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California Lawmakers Launch 'Universal Preschool' Initiative

'Transitional Kindergarten for All' the best way to 'chip away at inequality' say proponents

Lauren McCauley, staff writer

California Democrats are introducing Tuesday a proposal to bring free "universal preschool" to all children in the state, a measure championed by many as an imperative equalizer for children from lower-income families.

Authored by Senate President pro Tempore Darrell Steinberg and unveiled at a news conference Tuesday morning, the “Transitional Kindergarten for All” proposal expands existing programs that provide free public preschool for children who turn five years old too late in the year to attend regular kindergarten.

"Build preschools now, or prisons later."

"Higher income families are already making sure their children have access to high quality pre-kindergarten," Ted Lempert, president of the Oakland-based group Children Now, told Reuters ahead of the press conference. "It's imperative that all kids have access to that - so you don't have an achievement gap before kids are even entering kindergarten."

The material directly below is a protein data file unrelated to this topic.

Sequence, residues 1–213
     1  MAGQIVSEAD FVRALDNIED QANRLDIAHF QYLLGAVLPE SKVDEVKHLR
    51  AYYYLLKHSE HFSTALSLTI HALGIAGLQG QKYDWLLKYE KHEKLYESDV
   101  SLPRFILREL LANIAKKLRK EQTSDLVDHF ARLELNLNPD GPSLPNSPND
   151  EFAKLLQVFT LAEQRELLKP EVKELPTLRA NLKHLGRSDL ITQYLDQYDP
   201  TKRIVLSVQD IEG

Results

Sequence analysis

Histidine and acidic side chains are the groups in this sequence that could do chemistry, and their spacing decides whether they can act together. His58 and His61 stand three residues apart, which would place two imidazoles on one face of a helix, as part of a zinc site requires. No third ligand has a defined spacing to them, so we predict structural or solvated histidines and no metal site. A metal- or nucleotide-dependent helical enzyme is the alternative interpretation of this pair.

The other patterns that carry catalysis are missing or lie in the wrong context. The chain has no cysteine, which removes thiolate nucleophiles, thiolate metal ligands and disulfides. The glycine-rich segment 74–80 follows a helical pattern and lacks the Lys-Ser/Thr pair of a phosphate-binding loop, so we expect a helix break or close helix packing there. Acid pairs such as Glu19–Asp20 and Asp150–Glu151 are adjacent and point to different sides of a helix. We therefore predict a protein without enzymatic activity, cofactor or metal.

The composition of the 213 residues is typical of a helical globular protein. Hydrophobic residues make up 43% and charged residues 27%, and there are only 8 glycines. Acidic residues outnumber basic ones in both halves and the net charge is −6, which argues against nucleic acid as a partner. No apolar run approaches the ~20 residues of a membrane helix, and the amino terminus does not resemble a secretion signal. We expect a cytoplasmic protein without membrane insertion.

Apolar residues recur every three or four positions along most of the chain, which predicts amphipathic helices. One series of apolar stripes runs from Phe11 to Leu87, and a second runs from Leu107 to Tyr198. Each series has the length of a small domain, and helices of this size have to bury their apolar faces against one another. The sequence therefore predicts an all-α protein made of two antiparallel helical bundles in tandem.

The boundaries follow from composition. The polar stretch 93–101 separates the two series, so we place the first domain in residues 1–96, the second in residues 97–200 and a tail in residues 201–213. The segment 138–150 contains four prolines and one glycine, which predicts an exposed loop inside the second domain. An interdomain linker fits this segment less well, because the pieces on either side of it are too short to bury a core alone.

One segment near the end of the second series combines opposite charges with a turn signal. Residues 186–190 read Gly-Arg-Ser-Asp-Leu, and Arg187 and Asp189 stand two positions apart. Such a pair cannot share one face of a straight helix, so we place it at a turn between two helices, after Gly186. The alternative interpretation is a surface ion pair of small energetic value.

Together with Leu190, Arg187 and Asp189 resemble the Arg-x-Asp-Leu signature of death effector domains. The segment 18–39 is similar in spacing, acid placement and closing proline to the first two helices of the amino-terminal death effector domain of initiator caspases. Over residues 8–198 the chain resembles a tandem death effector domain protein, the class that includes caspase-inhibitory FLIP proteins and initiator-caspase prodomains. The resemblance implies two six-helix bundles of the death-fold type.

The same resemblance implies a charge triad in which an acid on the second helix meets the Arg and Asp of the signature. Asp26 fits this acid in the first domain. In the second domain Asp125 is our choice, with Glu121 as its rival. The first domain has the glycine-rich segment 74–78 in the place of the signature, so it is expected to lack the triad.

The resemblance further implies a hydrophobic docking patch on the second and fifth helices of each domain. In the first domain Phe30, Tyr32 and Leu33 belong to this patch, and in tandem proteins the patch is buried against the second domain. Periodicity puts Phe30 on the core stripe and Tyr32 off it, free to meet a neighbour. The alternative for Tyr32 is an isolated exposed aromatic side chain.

Hoping to provide California children "one of the highest quality kindergarten readiness programs in the nation," Steinberg's bill will have California—the most populous U.S. state—joining a handful of other locales who offer similar support. 

"[M]ountains of research suggests that early childhood initiatives are the best way to chip away at inequality and reduce the toll of crime, drugs and educational failure," New York Times reporter Nicholas Kristof wrote recently, reporting on the success of a universal preschool system already established in Oklahoma. "Repeated studies suggest that these programs pay for themselves: build preschools now, or prisons later."

President Obama championed a similar initiative in his 2013 State of the Union address when he called for wider access to state preschool programs for lower-income families. That plan, however, has stalled in Congress.


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